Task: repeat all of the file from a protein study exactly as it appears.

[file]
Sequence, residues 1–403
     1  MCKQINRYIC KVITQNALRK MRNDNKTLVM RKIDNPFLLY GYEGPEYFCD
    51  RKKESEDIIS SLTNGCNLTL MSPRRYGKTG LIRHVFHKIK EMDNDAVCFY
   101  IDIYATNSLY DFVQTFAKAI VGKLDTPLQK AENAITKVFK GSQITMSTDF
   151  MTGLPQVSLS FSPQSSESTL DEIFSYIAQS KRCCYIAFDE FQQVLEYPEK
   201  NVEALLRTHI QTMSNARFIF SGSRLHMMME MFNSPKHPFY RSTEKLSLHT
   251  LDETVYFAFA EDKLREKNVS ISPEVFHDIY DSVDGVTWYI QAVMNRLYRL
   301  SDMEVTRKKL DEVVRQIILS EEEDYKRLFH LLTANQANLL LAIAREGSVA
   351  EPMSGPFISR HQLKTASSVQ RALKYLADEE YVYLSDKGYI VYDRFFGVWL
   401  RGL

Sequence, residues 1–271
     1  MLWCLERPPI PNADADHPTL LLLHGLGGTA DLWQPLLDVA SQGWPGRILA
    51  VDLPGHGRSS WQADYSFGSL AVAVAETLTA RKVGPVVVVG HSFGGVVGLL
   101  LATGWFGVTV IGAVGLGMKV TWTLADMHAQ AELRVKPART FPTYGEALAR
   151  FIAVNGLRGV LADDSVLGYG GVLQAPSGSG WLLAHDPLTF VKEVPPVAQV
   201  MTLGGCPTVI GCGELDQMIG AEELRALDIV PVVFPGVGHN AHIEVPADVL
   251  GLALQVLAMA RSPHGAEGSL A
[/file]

Sequence, residues 1–403
     1  MCKQINRYIC KVITQNALRK MRNDNKTLVM RKIDNPFLLY GYEGPEYFCD
    51  RKKESEDIIS SLTNGCNLTL MSPRRYGKTG LIRHVFHKIK EMDNDAVCFY
   101  IDIYATNSLY DFVQTFAKAI VGKLDTPLQK AENAITKVFK GSQITMSTDF
   151  MTGLPQVSLS FSPQSSESTL DEIFSYIAQS KRCCYIAFDE FQQVLEYPEK
   201  NVEALLRTHI QTMSNARFIF SGSRLHMMME MFNSPKHPFY RSTEKLSLHT
   251  LDETVYFAFA EDKLREKNVS ISPEVFHDIY DSVDGVTWYI QAVMNRLYRL
   301  SDMEVTRKKL DEVVRQIILS EEEDYKRLFH LLTANQANLL LAIAREGSVA
   351  EPMSGPFISR HQLKTASSVQ RALKYLADEE YVYLSDKGYI VYDRFFGVWL
   401  RGL

Sequence, residues 1–271
     1  MLWCLERPPI PNADADHPTL LLLHGLGGTA DLWQPLLDVA SQGWPGRILA
    51  VDLPGHGRSS WQADYSFGSL AVAVAETLTA RKVGPVVVVG HSFGGVVGLL
   101  LATGWFGVTV IGAVGLGMKV TWTLADMHAQ AELRVKPART FPTYGEALAR
   151  FIAVNGLRGV LADDSVLGYG GVLQAPSGSG WLLAHDPLTF VKEVPPVAQV
   201  MTLGGCPTVI GCGELDQMIG AEELRALDIV PVVFPGVGHN AHIEVPADVL
   251  GLALQVLAMA RSPHGAEGSL A